Human metapneumovirus infection in the United States: Clinical manifestations associated with a newly emerging respiratory infection in children

Frank Esper, Derek Boucher, Carla Weibel, Richard A. Martinello, Jeffrey Kahn

Research output: Contribution to journalArticlepeer-review

216 Scopus citations

Abstract

Objective. Respiratory tract infections are a leading cause of morbidity and mortality worldwide. Recently, a newly identified human respiratory virus, human metapneumovirus (hMPV), was reported by investigators in the Netherlands. We sought to determine whether hMPV was circulating in our community and to determine the clinical features associated with hMPV infection. Methods. Respiratory specimens from children who were younger than 5 years and had a negative result for respiratory syncytial virus, influenza A and B, parainfluenza viruses 1 to 3, and adenovirus by direct fluorescent antibody test were screened for hMPV by reverse transcriptase-polymerase chain reaction. Samples were collected from October 30, 2001, to February 28, 2002. Results. Of the 296 patients screened, 19 (6.4%) had evidence of hMPV infection. hMPV was identified in patients with either upper or lower respiratory tract infection or both. Clinical manifestations included wheezing, hypoxia, and abnormal findings on chest radiographs (eg, focal infiltrates, peribronchial cuffing). Nosocomial infection occurred in at least 1 patient. Conclusions. hMPV is circulating in the United States and is associated with respiratory tract disease in patients with respiratory illnesses not caused by respiratory syncytial virus, influenza, parainfluenza viruses, and adeno-virus. Additional studies are required to define the epidemiology and the extent of disease in the general population caused by hMPV.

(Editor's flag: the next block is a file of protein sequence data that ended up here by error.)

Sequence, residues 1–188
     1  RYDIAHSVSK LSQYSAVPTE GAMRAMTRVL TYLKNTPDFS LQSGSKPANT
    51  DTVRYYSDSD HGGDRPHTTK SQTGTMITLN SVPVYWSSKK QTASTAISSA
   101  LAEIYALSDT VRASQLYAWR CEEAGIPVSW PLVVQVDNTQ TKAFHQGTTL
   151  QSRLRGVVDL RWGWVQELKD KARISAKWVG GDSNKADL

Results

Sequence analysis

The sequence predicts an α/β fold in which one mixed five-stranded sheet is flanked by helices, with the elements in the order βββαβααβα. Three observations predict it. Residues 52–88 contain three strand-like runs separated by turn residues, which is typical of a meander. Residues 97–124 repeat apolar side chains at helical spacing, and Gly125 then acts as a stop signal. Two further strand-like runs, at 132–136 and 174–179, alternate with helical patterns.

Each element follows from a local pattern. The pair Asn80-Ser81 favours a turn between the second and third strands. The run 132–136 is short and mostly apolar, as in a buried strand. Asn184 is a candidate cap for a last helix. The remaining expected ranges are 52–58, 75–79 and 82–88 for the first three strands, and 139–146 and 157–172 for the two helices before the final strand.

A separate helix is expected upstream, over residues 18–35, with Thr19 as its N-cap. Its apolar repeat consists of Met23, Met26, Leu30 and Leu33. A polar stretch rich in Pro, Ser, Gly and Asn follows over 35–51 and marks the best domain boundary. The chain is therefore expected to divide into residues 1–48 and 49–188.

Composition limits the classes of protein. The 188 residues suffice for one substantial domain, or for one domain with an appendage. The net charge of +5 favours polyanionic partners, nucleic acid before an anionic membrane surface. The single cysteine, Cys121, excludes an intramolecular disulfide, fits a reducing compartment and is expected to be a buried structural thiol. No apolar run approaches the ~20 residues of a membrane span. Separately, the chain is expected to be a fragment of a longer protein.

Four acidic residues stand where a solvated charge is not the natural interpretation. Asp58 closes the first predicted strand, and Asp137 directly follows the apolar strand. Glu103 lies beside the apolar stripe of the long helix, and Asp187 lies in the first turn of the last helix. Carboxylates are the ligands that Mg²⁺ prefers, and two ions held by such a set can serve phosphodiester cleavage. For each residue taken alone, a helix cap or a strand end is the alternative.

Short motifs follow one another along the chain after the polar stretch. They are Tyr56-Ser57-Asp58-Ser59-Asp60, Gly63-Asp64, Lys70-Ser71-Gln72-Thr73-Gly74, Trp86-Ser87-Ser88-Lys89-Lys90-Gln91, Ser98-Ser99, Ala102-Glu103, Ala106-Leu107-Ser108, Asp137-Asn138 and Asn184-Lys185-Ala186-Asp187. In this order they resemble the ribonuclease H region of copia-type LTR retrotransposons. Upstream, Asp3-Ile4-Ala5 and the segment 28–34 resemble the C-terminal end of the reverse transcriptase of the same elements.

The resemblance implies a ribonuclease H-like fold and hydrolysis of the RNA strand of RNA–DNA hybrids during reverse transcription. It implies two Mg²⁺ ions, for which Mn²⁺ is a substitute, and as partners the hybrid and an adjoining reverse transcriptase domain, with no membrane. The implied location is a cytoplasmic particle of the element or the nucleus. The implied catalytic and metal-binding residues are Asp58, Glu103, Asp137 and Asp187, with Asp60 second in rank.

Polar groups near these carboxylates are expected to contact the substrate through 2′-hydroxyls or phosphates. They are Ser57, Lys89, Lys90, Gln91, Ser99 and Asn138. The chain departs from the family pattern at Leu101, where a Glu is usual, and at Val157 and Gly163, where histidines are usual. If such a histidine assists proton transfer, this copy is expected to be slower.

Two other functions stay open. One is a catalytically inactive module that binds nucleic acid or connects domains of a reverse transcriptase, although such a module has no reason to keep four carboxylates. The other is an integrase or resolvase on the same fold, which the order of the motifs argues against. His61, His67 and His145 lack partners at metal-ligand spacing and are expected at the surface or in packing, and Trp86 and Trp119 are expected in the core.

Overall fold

Original languageEnglish (US)
Pages (from-to)1407-1410
Number of pages4
JournalPediatrics
Volume111
Issue number6 I
DOIs
StatePublished - Jun 1 2003

Keywords

  • Clinical features
  • Human metapneumovirus

ASJC Scopus subject areas

  • Pediatrics, Perinatology, and Child Health

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